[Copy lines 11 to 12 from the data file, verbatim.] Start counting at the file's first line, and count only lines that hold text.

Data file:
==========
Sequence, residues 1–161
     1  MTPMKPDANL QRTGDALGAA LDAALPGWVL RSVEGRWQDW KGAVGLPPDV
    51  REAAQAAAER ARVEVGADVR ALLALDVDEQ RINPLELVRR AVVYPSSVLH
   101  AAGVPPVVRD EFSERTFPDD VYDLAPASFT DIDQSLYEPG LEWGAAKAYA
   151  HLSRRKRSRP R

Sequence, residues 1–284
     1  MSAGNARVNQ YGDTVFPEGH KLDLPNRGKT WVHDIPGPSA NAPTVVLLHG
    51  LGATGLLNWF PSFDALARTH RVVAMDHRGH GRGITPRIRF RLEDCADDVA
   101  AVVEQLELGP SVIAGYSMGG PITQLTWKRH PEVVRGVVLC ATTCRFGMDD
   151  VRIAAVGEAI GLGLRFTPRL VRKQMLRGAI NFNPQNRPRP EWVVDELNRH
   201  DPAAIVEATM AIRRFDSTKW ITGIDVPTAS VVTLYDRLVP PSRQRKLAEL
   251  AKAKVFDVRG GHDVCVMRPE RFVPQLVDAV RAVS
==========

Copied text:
   201  DPAAIVEATM AIRRFDSTKW ITGIDVPTAS VVTLYDRLVP PSRQRKLAEL
   251  AKAKVFDVRG GHDVCVMRPE RFVPQLVDAV RAVS